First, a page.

“Gritty and illuminating … fascinating from the first page.”—Publishers Weekly
“A moving novel about knowledge, self-awareness and the power of words, set in the purgatory of prison. This young man’s life demands our attention and refuses to let go … powerful … simply an epiphany.”
—Kirkus, Starred Review, May 2014
Simon Austen has the names people have called him tattooed all over his body. Waste of Space. Bastard. A Threat to Women. Murderer. Facing a lifetime behind bars and subjected to new therapies for sexual reprogramming, Simon finds himself plunged into a terrifying process of self-reconstruction. But how much, in the end, can a man really change? Darkly compelling and deeply moving, Alphabet is a psychological exploration of one man’s uncertain and often-harrowing journey towards rehabilitation.
Praise for Alphabet
“Alphabet transforms from a novel of crime and punishment into a nuanced psychological profile of a killer, ultimately providing a gut-wrenching reminder of the … lengths to which we are willing to go in order to protect our innermost selves. … Heartbreaking and emotional.”—Shelf Awareness, Shelf Discovery Pick
“Despite the nature of his crime, Simon is a surprisingly sympathetic character, and readers with an open mind will be drawn into his journey … an emotional read without sentimentality or easy, pat answers … Recommended.”—Library Journal
“Page’s breathtaking novel opens with functionally illiterate twenty-nine-year-old Simon learning to read in prison. Books and letters become keys to his survival, but can language sustain him over an entire life sentence, let alone redeem him? We get to know Simon before we learn what crime he committed; his act shapes his life, but does not define him. We do learn that he has anger and control issues and that his relationships, especially with women, have been short term, starting with his mother. Written words, then, fixed and tangible, reassure him to the point that he physically incorporates them as tattoos. He wears the names he’s been called, but whether this catalog clarifies or blurs his identity is a question; can he be both scum and “courageous”? More than skin deep, this list reflects Simon’s world as much as it does him, mirroring society’s mixed record on transgressors and non-conformists, especially regarding the criminal justice system with its self-defeating reliance on brutality and humiliations, even as it experiments with innovative psycho-therapies.”—Laurie Greer, Bookseller, Politics & Prose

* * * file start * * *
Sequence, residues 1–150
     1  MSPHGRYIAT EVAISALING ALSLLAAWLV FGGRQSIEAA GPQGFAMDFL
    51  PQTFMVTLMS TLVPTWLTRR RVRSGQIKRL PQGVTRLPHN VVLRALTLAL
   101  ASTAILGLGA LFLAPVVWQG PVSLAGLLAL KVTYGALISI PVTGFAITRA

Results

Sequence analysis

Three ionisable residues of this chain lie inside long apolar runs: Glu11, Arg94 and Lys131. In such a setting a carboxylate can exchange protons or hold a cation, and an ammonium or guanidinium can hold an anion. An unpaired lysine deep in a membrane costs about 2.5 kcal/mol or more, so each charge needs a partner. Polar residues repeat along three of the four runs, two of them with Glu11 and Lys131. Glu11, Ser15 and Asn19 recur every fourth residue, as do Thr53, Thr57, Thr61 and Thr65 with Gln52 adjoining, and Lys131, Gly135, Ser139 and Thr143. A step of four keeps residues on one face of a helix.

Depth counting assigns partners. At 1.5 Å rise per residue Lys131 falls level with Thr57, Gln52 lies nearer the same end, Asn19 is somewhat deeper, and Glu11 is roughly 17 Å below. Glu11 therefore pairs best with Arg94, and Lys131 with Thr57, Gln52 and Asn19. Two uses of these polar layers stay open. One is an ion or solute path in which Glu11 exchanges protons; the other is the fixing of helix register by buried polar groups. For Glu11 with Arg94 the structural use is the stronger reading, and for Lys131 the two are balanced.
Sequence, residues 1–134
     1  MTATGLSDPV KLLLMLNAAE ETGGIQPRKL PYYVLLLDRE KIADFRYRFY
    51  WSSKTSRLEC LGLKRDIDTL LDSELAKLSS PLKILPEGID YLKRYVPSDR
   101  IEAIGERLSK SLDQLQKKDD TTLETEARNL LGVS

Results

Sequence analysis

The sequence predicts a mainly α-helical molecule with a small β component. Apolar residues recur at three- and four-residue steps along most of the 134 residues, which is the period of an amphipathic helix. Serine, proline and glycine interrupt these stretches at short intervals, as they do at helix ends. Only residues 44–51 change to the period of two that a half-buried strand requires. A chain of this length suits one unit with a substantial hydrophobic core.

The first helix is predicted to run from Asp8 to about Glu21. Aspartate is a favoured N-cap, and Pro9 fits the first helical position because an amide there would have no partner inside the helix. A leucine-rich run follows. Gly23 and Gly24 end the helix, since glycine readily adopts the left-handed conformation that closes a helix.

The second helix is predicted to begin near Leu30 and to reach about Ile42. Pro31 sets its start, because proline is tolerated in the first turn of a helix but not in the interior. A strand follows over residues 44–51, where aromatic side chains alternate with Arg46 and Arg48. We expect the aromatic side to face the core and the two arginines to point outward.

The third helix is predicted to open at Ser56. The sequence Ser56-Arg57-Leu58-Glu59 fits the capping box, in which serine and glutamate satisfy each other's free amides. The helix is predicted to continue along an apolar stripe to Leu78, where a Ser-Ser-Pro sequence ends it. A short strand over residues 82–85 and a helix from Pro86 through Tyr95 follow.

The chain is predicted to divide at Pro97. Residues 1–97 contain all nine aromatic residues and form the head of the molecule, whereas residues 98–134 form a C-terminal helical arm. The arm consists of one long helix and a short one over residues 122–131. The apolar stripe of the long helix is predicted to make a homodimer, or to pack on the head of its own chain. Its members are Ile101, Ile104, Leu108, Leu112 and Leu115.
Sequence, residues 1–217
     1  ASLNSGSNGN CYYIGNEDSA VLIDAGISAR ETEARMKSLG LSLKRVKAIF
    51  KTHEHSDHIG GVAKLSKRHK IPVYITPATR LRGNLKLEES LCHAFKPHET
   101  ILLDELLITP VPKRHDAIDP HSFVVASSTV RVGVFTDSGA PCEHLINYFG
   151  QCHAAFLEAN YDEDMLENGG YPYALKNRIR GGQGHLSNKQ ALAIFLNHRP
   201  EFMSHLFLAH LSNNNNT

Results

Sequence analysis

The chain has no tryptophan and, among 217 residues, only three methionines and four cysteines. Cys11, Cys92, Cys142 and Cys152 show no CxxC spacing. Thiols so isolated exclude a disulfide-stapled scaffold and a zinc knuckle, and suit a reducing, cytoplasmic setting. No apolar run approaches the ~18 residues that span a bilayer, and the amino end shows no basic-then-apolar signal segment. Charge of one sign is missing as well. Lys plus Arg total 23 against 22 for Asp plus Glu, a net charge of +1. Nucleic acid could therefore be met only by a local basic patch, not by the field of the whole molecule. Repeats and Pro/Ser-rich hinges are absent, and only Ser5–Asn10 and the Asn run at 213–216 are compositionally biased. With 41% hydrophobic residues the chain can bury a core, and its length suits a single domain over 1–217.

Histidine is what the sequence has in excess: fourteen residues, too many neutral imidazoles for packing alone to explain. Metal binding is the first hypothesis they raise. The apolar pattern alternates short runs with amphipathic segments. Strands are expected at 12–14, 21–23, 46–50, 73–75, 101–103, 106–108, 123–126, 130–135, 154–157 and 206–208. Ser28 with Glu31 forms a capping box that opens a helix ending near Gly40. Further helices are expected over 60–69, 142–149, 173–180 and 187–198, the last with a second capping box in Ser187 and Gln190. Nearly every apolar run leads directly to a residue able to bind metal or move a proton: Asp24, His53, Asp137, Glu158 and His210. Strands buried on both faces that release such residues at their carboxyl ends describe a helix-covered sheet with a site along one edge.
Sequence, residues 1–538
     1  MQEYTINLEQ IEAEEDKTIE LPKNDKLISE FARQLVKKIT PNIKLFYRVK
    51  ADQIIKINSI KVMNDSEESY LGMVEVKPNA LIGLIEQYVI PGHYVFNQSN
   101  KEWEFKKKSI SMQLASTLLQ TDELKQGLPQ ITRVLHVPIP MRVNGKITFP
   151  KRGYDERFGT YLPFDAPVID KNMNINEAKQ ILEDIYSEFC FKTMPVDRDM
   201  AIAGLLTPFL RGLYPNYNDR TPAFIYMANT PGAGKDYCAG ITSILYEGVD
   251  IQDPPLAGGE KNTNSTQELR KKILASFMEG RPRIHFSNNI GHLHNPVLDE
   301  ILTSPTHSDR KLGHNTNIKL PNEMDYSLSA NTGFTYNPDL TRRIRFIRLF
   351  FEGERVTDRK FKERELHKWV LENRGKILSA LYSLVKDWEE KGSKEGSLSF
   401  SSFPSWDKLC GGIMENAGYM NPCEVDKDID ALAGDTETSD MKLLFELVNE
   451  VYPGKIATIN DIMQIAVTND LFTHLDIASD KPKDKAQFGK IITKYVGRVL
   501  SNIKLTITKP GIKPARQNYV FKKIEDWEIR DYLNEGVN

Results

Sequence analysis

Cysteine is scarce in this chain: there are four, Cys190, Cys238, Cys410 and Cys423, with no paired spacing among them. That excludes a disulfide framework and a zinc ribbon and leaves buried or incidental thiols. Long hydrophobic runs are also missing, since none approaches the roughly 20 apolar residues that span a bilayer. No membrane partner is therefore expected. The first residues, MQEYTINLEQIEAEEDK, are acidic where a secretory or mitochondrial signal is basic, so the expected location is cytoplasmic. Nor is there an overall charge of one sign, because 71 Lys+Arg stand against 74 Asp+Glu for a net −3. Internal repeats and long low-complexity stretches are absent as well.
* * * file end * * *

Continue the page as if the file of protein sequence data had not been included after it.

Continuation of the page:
“If you like fiction that makes you a little uncomfortable (but still has a compelling voice), try Alphabet by Kathy Page. The narrator is in prison in the UK for killing his girlfriend, and we see his various coping mechanisms and treatments and eventual attempts to learn how to connect with people in a healthy way. His journey will surprise you.”—Emily Pullen, Bookseller, WORD Bookstores
“Alphabet upends basic questions about criminal justice … This character-driven novel employs various narrative angles as the reader follows Simon, other prisoners, guards, social workers, volunteers, and therapists through the complications that lie beyond a person admitting guilt. Far from accepting time in prison as an atonement to abide, Simon tries to name who he is and what that person could do next in life, behind bars or otherwise.”—Todd Wellman, Bookseller, Boswell Book Co.
“Page captures the oppressiveness of the closed insitution, the violence that always seethes beneath the surface … compelling … Page lifts the novel out of its didactic casing.”—Times Literary Supplement (UK)
“Alphabet is not just highly readable, but one of the strongest, most eloquent, most tightly constructed novels of the year…. Out of material that would have been at home in the blackest of black comedies she has fashioned a fable about redemptive love. She has celebrated, with rare deftness, the resilience of the human heart.”—Sunday Telegraph, UK
“Page throws mixed-up hope into a world where only fantasies and delusions dare to grow… when I got to the end ofAlphabet, I found myself longing for more.”—Globe and Mail (Canada)